Heller turned to Mazzilli, who owns Dream Car Restorations, a full-service restoration shop in Hicksville, N.Y., to assess the value of the cars and what it would take to bring them back to pristine shape. Mazzilli's Long Island facility specializes in restoring American muscle cars.
"I told Heller that these cars have a significant history," Mazzilli said. "I think there's a TV show here." Mazzilli explained to Heller, who had bought the collection, that he had relationships with a few production companies in the city.
In a true story that would be unbelievable as a Hollywood movie, Mazzilli has known producer Robert Friedman since the 1980s. Mazzilli also owns the Gotham Comedy Club in Manhattan. "It's one of the craziest stories," said Mazzilli. "It all came full circle. I've known Bobby since his early days at MTV."
In the decades since Friedman left MTV and VH1, he would go on to senior executive positions at Radical Media, New Line Cinema, and, most recently, Bungalow Media + Entertainment, the company he founded. Over the years, he perfected the art of promotional media — especially with matchmaking. Past projects connected Austin Powers to Virgin Airlines and The New York Times's 36 Hours series with the Travel Channel. "To do branded content well, you need to integrate the DNA of a brand into the product," said Friedman.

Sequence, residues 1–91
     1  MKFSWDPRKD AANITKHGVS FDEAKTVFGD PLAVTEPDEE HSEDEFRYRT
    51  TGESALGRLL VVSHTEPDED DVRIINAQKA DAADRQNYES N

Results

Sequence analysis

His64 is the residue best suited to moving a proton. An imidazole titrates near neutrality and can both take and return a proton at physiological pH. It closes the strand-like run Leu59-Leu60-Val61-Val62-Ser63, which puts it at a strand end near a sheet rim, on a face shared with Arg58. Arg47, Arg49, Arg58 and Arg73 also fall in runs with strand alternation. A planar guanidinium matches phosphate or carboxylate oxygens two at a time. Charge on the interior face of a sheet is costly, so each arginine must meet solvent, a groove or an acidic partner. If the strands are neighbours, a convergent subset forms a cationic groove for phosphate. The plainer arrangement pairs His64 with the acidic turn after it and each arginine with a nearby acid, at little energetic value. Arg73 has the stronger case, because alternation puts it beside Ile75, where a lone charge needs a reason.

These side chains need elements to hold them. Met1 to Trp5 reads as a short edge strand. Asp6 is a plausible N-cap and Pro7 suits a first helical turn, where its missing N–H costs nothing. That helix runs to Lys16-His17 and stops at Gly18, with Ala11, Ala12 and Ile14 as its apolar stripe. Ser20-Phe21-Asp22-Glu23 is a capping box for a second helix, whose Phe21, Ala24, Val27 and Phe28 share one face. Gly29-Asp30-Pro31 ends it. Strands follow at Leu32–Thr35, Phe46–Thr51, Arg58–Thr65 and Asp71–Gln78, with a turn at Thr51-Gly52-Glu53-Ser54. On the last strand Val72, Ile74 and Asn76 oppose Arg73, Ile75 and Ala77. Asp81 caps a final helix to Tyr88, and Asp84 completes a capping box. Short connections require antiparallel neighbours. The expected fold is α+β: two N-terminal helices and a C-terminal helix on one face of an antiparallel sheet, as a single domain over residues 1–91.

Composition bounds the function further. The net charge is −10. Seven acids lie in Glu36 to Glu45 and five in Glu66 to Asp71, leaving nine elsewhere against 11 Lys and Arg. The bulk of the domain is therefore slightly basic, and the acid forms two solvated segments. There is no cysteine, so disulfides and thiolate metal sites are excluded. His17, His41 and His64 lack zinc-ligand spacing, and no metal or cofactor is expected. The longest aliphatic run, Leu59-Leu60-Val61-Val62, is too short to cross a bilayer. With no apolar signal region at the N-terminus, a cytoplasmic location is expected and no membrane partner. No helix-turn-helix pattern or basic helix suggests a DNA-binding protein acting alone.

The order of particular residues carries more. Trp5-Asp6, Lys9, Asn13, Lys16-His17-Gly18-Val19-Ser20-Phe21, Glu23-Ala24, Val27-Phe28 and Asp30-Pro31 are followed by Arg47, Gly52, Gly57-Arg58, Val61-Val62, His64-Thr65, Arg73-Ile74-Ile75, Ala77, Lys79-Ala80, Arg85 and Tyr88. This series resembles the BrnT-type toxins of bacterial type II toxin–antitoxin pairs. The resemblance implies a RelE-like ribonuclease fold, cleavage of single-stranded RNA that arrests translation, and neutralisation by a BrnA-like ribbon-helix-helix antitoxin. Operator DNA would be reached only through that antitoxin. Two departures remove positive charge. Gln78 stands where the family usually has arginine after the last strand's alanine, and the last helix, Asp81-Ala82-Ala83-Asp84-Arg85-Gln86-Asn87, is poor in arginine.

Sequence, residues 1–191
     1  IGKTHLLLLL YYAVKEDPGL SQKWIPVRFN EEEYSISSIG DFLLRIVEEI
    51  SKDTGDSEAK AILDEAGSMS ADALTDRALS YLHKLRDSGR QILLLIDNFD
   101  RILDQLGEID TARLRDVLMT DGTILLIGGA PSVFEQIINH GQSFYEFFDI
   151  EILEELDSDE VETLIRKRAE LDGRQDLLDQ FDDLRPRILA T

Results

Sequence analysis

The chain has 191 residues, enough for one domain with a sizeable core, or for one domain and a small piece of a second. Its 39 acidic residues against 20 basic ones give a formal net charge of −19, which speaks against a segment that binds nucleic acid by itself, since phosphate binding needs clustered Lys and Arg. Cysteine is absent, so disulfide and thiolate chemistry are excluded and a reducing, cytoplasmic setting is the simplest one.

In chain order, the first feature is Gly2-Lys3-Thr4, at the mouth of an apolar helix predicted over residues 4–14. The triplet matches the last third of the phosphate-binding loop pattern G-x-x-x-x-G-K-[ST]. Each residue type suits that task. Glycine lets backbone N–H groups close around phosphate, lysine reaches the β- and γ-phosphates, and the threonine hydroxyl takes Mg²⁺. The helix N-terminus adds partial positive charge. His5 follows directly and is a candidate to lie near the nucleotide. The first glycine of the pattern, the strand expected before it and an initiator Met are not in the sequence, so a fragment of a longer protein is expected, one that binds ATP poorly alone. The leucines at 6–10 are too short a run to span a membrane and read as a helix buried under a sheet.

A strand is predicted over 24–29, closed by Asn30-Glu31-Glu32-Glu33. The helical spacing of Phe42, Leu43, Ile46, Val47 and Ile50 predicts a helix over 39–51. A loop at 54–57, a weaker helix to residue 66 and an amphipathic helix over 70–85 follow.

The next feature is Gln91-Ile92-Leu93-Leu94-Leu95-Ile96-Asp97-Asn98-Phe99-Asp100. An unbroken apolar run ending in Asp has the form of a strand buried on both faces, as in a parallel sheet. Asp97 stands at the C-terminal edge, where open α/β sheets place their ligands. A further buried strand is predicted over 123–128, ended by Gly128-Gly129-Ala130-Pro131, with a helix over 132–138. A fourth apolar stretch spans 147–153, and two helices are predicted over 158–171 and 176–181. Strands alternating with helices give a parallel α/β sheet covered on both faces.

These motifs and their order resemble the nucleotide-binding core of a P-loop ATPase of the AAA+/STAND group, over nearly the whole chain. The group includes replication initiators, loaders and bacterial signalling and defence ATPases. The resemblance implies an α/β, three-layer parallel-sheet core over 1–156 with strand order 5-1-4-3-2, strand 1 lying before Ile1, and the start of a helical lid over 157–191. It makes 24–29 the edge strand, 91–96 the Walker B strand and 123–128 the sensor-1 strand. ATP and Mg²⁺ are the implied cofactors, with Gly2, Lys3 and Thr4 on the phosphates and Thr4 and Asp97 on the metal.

"When we heard about the collection and the great history around the 36 classic cars, we thought there was no better platform than HISTORY's DRIVE block. DRIVE airs on Sunday mornings on HISTORY and Saturday evenings on FYI Network and is a premium destination for automotive enthusiasts," said Jim Hoffman, executive vice president, programming partnerships.
"This is the perfect storm," said Friedman. "You apply the Good Housekeeping Seal of Approval with the HISTORY brand to this series, and there's a great historical legacy of Corvette. You can't do better than that."
"Brands not only have the chance to be integrated into the program, but also [have] an opportunity to take part in a yearlong sweepstake. Content will direct viewers to [register to win, driven by] ads running across HISTORY and FYI's DRIVE, and digital properties. In addition, we have taken the show on the road at events like the New York Car Show and SEMA," Hoffman added.
Friedman believes that advertisers have the potential to reach up to 80 million in a coveted, targeted demographic of auto buyers and enthusiasts, including millions of Corvette owners. HISTORY and Bungalow Media + Entertainment are now in discussions with several potential brand partners.
But the heart and soul of the project remains America's much-beloved fiberglass-body, fire-breathing, and affordable sports car. The Corvette's appeal transcends the primary demographic of middle-age, high-earning males to virtually everybody who drives. "It's probably the most iconic sports car ever," said Mazzilli. "The design is a true work of art."
Photo credit: Nicolas Savignat/Unsplash